We therefore evaluated the correlation between the two aspects in the case of PT, and examined the extent to which differences exist between reductions in settlement rates applied in EU routes as a whole and applied in the group of countries with which PT records the greatest traffic imbalance Comparing the weighted average settlement rate for the countries with which the greatest traffic imbalance exists relative to the weighted average settlement rate applicable for EU traffic, we can see that the difference is insignificant. The reduction of the average settlement rate for countries where the traffic imbalance exists was slightly higher than the reduction for all EU countries (27%).

It cannot be claimed, therefore, that PT is creating obstacles to the reduction of accounting rates in relations where the highest imbalance exists, and thus no indications of abuse of a dominant position are found.

(ii) Evaluation and comparison of accounting rates reduction

The rate of reduction of accounting rates, weighed by traffic volume, applied by Portugal Telecom between December 1995 and December 1998, rose to 49.5% for European routes, while the European average rate of reduction , according to the DGIV report, is around 43%.

(iii) Cost-orientation of accounting rates

To assess the cost-orientation of accounting rates, we carried out a number of tests providing a comparison between accounting rates and the underlying cost of international telephone traffic.

In performing the tests, the cost per minute of international traffic was determined on the basis of the principal cost components of an international call - national extension, international transmission and international switching. DGIV has set a limit to the difference between the settlement rate and the cost, expressed as a percentage of that cost, which must not be exceeded by the operators under investigation.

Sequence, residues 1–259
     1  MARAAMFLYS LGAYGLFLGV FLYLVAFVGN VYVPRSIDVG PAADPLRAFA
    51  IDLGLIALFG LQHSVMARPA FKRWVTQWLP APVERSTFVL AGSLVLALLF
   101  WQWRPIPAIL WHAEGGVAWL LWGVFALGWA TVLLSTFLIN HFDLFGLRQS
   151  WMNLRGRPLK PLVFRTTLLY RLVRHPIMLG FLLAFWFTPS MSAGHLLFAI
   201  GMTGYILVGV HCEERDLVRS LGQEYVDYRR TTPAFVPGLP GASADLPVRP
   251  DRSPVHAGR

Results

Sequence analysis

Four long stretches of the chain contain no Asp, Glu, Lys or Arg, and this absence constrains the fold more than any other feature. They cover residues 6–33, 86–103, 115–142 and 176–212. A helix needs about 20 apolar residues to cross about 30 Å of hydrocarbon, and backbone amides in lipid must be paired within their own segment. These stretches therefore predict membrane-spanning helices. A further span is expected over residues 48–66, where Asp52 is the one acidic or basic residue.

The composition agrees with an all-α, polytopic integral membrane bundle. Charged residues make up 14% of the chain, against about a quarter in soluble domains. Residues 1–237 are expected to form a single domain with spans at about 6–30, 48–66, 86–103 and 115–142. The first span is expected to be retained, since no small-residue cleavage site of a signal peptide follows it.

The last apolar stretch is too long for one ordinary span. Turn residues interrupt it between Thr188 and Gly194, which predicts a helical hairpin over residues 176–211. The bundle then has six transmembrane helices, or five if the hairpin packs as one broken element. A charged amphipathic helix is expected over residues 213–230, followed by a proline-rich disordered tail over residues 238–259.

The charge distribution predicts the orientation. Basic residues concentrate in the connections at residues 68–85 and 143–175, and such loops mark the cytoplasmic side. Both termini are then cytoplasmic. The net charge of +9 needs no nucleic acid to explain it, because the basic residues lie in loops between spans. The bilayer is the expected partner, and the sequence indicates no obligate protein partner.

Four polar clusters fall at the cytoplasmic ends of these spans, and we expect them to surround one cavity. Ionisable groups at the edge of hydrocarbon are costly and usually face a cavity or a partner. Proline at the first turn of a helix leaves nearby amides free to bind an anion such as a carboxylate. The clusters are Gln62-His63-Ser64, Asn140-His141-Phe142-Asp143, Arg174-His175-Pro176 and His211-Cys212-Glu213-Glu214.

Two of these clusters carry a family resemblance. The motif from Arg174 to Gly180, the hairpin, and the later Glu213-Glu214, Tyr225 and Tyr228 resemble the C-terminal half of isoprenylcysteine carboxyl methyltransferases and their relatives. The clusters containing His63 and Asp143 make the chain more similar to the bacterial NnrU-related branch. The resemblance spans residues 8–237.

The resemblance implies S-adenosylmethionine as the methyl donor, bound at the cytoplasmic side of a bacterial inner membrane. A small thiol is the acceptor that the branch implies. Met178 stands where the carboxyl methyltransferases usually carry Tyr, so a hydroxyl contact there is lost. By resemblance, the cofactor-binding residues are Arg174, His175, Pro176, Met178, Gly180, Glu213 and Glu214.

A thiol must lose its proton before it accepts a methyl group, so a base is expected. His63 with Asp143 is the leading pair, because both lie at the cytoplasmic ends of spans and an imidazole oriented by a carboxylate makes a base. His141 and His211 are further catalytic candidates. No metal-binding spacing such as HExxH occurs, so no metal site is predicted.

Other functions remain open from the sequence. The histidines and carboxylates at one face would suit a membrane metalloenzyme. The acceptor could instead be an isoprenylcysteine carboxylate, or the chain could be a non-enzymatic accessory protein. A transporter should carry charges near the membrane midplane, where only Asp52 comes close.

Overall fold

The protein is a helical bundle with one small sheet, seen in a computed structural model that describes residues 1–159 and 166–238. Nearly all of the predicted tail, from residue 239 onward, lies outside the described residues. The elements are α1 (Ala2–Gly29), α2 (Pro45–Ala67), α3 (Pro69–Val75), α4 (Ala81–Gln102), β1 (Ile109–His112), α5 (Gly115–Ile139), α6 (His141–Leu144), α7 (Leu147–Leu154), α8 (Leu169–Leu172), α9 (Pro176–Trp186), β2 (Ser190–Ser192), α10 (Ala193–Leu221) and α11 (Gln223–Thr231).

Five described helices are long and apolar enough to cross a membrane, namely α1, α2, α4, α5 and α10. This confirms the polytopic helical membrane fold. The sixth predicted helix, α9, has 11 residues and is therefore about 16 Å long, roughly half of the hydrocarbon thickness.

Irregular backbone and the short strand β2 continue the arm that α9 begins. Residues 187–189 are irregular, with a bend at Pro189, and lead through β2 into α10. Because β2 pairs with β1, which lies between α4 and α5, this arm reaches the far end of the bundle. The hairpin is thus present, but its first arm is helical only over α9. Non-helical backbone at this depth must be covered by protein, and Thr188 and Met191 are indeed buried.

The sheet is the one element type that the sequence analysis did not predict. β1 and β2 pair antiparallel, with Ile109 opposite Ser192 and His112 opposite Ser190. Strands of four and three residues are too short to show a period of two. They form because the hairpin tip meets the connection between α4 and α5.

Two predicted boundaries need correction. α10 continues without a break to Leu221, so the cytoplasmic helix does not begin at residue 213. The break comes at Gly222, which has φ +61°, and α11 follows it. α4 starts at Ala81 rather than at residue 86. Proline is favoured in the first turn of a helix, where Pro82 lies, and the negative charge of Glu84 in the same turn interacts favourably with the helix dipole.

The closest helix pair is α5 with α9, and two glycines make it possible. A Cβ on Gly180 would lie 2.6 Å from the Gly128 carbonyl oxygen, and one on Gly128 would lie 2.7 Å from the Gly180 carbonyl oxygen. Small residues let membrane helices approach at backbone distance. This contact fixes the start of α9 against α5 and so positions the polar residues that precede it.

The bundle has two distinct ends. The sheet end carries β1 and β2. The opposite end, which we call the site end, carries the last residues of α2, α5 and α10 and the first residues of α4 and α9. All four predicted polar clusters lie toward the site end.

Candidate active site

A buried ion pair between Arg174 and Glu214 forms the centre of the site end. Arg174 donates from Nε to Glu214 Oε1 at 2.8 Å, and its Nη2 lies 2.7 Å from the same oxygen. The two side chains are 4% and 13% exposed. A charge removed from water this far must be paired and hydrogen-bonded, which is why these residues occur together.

To sum up, in the face of the available evidence, it is not possible to conclude that excessive margins, as they were defined for the purposes of the present study, exist. In conclusion, we can concur that the recent accounting rates reductions introduced by PT are compatible with the principle of cost-orientation, as defined in the DGIV survey. The ICP study also concludes that no evidence of abuse of its dominant position has been found.

In the light of these conclusions, and taking into account the positive developments in respect of accounting rates applied by PT which have taken place last year, the European Commission concluded that there is no need to continue the examination and closed its investigation into Portugal Telecom, with the conclusion that no evidence exists either for the practice of excessive accounting rates by Portugal Telecom or for the abuse of dominant position.

In this context, ICP will continue to monitor the evolution of accounting rates and to endeavour that such evolution is reflected in the end-user prices of international calls, with the consumer standing to gain. See: